Magnetic's developers already know which game you're about to compare it to, so don't worry about it. They'll bring it up to you themselves. "This is one of the ways we're differentiating ourselves from Portal," the developer told me as I reached a room with a branching path (apologies to all - I didn't catch his name because I'm still new to demoing live with the developers being around me). It's good to hear them anticipating people's talking points - after all, it's a game that stars a woman in a strange environment with a crazy gun that can move around cubes as a voice from above talks to you while you solve puzzles and move between rooms. People who've been in the rooms before you have scribbled things on the walls and floors. It's just a genre by now, a genre dominated by Valve's seminal first-person puzzle games.
And to an extent, you already know what this game is based on just that description, but don't let that be a knock against it. After all when I describe a falling block puzzle game you know, to an extent, what a game like Puyo Pop is, or Meteos, even though their description is so close to Tetris. Chamber and physics based puzzle games are just here to stay, so it helps to approach them with an open mind, not just an eye for dismissing them as 'like Portal'.
In Magnetic, you play as a death row inmate, who's been bought by a private company to test a stolen Russian prototype gun that can manipulate magnetic fields. This all takes place in the cold war and I could immediately tell from the aesthetic - everything seems to be made of metal, a cold and unfeeling looking collection of levels that invoke the utilitarian, testing-based nature of the world.
The very cold, industrial feel reminded me a lot of the movie Cube, where you have to get down and crawl from room to room and once you get through and the rooms can move around. It was actually a really cool surprise to feel and see the room start shaking as it was whisked off somewhere else, keeping me from knowing exactly where I am in the facility, or even how large the facility is. On top of that, the cramped quarters of the room transitions and the changing voices over the intercom kept me feeling a little discombobulated and intrigued. Where was this place? What's the deal with it? Why am I here?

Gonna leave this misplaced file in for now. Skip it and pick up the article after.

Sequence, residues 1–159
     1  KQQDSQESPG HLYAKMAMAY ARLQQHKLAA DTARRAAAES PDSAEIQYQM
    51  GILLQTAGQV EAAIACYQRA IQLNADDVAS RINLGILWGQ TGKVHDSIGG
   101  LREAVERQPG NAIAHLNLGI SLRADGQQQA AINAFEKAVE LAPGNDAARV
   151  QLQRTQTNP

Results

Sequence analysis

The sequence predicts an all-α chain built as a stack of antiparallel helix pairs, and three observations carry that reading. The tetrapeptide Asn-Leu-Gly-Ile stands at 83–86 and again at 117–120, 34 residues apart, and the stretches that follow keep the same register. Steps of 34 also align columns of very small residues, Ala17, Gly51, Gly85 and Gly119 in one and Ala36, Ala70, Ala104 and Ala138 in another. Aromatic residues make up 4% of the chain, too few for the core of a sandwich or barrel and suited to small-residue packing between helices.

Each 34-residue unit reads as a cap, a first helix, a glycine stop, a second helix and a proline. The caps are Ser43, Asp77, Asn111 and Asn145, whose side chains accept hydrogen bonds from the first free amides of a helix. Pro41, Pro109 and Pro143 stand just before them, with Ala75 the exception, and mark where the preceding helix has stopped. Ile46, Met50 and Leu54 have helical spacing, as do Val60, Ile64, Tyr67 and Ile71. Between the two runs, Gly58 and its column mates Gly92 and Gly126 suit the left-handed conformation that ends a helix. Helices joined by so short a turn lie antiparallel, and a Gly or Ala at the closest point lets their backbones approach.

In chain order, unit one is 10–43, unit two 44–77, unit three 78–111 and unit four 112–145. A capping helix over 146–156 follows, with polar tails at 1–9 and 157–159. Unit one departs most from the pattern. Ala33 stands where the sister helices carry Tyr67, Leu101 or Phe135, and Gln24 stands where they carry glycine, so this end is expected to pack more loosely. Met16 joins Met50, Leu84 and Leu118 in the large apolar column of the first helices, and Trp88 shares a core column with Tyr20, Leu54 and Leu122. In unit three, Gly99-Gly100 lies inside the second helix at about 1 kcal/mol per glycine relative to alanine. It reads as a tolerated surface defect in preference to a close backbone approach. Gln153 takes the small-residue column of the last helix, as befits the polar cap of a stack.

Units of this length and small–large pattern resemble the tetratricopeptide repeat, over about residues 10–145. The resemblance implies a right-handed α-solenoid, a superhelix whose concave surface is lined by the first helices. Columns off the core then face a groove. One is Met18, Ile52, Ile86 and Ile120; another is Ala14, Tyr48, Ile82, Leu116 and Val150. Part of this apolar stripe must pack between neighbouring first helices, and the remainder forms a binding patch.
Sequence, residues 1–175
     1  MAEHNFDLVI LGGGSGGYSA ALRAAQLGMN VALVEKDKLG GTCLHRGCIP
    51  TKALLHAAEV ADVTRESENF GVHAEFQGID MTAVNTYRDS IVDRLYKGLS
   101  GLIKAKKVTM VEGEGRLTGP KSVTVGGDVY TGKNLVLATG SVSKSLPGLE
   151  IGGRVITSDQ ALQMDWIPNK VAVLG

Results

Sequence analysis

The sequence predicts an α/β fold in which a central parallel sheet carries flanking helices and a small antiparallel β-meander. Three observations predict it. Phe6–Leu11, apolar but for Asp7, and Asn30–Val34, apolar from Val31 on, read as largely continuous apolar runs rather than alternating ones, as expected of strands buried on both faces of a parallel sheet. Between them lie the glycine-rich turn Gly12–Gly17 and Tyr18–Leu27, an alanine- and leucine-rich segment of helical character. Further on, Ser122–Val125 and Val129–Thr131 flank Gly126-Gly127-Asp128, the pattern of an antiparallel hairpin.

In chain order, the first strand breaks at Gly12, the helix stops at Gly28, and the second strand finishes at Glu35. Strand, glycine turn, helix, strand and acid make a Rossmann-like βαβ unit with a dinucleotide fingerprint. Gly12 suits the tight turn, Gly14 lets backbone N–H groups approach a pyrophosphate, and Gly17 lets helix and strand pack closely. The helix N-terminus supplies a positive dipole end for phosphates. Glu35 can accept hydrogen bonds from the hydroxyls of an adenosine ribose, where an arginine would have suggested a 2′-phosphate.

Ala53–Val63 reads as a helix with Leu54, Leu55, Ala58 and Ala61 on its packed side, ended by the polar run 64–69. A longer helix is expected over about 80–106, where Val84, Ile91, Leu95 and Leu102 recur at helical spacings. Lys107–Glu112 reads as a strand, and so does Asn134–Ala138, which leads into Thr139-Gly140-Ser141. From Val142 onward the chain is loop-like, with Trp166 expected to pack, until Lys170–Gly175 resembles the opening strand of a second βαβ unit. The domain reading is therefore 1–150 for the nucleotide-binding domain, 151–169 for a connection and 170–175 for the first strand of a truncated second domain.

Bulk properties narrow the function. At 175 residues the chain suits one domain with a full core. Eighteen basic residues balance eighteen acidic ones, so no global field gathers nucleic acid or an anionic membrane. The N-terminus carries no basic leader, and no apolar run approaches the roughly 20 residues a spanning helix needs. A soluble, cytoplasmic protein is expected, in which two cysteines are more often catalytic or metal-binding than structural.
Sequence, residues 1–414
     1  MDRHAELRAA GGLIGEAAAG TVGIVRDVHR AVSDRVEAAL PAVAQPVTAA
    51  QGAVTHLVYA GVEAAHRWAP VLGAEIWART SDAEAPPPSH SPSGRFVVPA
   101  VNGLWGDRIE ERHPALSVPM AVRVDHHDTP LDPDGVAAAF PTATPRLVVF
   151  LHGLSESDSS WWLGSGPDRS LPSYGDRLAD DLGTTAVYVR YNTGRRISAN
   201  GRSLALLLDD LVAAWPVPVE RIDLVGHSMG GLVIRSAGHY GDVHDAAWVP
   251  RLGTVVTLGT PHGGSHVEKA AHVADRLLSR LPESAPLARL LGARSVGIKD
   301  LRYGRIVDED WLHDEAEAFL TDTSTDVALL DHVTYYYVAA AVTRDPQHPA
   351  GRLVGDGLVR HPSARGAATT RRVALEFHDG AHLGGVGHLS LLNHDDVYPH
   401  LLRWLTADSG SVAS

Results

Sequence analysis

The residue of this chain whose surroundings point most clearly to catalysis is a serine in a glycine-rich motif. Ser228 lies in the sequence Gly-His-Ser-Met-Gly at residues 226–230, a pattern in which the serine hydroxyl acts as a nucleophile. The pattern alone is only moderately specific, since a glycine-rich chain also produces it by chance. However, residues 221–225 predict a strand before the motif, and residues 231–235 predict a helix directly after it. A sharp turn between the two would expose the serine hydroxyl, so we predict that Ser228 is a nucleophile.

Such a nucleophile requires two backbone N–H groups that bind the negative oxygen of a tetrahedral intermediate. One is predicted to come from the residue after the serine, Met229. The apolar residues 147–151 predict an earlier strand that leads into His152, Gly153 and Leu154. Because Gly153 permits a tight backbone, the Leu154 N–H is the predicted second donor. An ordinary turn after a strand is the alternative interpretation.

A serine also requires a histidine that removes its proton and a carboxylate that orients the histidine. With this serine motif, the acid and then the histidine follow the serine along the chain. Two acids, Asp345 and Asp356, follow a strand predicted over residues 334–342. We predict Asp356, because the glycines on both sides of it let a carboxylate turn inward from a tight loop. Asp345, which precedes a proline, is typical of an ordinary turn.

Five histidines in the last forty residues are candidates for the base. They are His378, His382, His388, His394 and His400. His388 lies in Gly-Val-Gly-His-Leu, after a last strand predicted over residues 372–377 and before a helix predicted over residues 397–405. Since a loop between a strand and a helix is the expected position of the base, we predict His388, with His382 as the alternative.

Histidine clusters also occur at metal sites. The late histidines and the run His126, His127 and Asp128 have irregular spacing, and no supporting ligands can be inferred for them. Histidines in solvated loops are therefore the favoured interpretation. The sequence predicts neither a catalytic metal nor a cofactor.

Oh right, the death row inmate thing.
They weren't in the demo, but the developer explained that in between certain puzzles you'll actually go back to prison and deal with a story there as well. On top of that, the story winds up changing based on your choices. The idea is to give you multiple playthroughs. In a puzzle game like this it becomes easy to know the puzzles and not feel the desire to go back through, but with a changing story and a potential for new rooms to be in, it's got a chance to stay around longer than a single play.
Magnet effects are really hard to do in a game. I just reviewed Teslagrad, in fact, a game I felt didn't quite do it right... but the physics engine in Magnetic seems much more involved than that. There's a good feeling to the weight of the cubes you're dragging around, and I appreciated the way that pushing a block away also pushed you away - it gave a good sense of weight to everything, and showed a good understanding of magnetic fields.
Magnetic seems super awesome--like a step forward in the genre, complete with branching stories and a more involved narrative. The systems at play seem like they're sufficiently deep and they're also one of the few games at PAX that I saw that wasn't in Early Access, or planning to be later. They want to put the game out only when it's 100% complete, and so far the game seems rather complete and fully featured. When it comes out I'm hoping it all comes together to make something unique, and I guess we'll know when the game comes out in March.